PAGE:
As President and Principal Owner of Highpointe DBR, I’ve spent a lot of years designing and building Green Homes here on the Gulf Coast of Florida’s Panhandle.
Over time, I’ve come to notice that the industry terms tossed around by builders don’t always mean much — if anything — to our clients. I’ve also noticed that what we builders often believe are “must have green features” aren’t as important to our clients as we assume. Let’s take the term “Sustainability” to start.
What is Sustainability in Construction?
Sustainability is defined as the ability to be maintained at a certain rate or level. Simply put, something is sustainable if it can continue indefinitely without consequence. In the building industry, we use the term sustainability to describe designing and building custom homes which do not excessively deplete those resources which cannot be easily replaced.
For example, we don’t use old-growth timber to frame houses, nor do we use coal-fired furnaces to heat our homes. The plantation-raised timber from nearby managed forests is sustainable in that it can be easily replaced and is cost effective. Similarly, we don’t call the coal truck to feed our furnaces, we use economical natural gas that is piped directly into our neighborhoods.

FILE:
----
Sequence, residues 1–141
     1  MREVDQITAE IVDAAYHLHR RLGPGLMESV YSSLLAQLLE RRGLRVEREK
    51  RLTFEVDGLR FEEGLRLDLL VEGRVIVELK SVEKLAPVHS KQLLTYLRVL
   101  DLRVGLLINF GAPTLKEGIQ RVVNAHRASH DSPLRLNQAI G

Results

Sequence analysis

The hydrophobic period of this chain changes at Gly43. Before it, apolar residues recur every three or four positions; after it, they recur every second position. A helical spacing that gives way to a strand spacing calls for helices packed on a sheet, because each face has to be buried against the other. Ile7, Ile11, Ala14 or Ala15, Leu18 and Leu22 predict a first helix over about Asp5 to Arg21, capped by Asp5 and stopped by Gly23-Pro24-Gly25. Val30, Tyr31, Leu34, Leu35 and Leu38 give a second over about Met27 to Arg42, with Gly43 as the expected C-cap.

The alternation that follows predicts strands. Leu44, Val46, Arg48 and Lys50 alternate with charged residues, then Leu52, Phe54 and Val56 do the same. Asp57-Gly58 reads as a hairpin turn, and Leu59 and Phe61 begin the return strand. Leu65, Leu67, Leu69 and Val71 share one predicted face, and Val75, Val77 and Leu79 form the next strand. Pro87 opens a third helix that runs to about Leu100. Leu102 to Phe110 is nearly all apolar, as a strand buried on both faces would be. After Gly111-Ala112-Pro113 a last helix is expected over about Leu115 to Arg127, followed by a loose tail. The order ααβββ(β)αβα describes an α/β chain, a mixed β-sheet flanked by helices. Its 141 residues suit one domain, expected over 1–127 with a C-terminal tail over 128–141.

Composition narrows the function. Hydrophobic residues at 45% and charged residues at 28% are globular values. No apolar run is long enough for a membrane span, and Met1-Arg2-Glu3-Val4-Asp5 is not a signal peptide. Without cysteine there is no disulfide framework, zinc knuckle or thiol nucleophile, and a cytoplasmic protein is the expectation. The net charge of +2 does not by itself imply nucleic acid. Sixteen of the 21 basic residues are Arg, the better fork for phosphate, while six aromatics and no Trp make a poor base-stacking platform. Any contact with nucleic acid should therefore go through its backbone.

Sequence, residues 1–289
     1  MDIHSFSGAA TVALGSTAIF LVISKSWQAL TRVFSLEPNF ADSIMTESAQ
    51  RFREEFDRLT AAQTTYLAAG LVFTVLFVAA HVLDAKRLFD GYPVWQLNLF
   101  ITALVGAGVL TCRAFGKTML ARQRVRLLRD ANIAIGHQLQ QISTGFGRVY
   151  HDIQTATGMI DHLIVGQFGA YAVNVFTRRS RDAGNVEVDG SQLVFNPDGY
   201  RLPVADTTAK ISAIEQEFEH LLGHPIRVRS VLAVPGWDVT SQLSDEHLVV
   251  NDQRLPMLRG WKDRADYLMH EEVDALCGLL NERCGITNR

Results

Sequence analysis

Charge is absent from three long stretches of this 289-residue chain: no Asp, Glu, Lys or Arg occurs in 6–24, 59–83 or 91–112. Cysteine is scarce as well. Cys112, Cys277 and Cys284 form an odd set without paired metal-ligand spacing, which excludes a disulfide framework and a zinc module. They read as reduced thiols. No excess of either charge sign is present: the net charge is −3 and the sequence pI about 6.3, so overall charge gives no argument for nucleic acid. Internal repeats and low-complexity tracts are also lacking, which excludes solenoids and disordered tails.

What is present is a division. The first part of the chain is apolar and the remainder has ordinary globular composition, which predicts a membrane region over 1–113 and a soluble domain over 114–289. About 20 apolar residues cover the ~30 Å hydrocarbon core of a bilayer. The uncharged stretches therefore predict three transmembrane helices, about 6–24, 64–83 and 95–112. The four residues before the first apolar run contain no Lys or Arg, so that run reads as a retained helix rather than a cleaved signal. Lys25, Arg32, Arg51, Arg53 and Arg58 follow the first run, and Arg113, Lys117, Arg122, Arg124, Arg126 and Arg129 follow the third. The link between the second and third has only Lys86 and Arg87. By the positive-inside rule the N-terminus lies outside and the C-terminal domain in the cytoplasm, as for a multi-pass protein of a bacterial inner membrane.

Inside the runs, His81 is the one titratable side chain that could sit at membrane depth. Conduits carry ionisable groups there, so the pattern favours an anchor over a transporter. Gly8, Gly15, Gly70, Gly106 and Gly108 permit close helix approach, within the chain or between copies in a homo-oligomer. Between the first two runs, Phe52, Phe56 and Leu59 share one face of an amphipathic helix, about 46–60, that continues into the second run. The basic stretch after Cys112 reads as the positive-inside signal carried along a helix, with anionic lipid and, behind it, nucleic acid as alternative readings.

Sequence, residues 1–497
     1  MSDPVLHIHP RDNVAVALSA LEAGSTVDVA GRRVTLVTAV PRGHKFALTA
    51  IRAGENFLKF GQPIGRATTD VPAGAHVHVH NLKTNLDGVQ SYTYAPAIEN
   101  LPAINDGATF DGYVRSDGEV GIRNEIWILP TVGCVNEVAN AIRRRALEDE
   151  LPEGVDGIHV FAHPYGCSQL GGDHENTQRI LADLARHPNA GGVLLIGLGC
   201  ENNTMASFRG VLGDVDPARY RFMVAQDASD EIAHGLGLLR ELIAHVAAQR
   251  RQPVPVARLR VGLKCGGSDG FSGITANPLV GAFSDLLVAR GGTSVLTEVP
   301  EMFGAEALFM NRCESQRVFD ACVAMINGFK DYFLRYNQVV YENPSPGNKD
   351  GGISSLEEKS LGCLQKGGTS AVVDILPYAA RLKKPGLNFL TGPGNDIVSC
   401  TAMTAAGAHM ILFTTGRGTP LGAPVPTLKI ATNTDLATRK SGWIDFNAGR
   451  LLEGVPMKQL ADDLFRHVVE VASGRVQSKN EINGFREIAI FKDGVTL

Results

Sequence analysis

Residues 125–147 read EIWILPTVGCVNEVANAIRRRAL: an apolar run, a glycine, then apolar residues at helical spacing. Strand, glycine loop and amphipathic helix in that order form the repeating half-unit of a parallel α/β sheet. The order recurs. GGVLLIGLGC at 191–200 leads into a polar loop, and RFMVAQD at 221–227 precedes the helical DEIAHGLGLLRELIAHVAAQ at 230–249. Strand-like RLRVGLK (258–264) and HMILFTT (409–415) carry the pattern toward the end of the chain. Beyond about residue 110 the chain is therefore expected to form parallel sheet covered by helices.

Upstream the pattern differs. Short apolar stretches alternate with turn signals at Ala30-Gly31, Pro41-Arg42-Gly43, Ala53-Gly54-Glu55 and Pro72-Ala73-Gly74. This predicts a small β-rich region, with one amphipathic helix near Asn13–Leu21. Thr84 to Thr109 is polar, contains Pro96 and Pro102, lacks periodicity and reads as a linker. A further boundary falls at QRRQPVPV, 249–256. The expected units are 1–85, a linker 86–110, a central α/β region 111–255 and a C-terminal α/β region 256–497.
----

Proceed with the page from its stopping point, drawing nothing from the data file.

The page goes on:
We also employ smart building strategies to minimize the energy needed to heat, cool and light our homes regardless of the energy source. We augment our grid power with solar panels, choose high-efficiency equipment to minimize our energy use, and select manufacturers who minimize their use of unsustainable materials.
Talking Sustainability in Plain Language
In order to bridge the gap between professional jargon and the terms our clients use, I believe it behooves us to better communicate our intentions. It’s not enough to say we consider sustainability in our designs and construction, we have to communicate how it benefits our clients over time. Making a home more sustainable not only minimizes impacts on the environment, it lowers the cost of living in that home for years to come.
So, rather than go on and on about sustainability, we’ve tried to shift gears and talk about how the windows and doors we select provide a tight seal and prevent air intrusion. When we relate terms like air intrusion to lower power bills and more comfortable winters and summers for the owners, it all makes sense.
In discussions about HVAC equipment, we explain that variable speed fans and variable speed compressors provide savings because they cost less to operate. Likewise, when we talk about whole home dehumidifiers, we can easily explain how dryer air inside makes people feel more comfortable at a higher temperature. Everyone knows that the higher you set your thermostat, the lower your power bills will be during summer.
Sustainability Costs Less in the Long Run
Sustainability isn’t a complicated notion, but I believe it requires real-world examples of potential benefits for clients to embrace Green Building. Once we help them understand, it’s very easy to compare the higher upfront costs with the overall lower cost of ownership. When we communicate clearly, our clients can make informed decisions and see how sustainability benefits their bottom line.
President and Principal Owner
Highpointe DBR, LLC